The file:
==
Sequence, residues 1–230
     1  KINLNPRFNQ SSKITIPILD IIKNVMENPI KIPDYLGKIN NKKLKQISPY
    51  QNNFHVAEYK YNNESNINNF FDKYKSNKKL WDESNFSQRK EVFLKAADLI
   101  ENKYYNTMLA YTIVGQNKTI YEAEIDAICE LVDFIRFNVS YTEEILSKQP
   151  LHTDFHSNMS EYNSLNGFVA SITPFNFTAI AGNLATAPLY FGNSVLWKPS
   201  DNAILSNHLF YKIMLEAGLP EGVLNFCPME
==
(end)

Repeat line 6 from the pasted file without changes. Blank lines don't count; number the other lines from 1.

   201  DNAILSNHLF YKIMLEAGLP EGVLNFCPME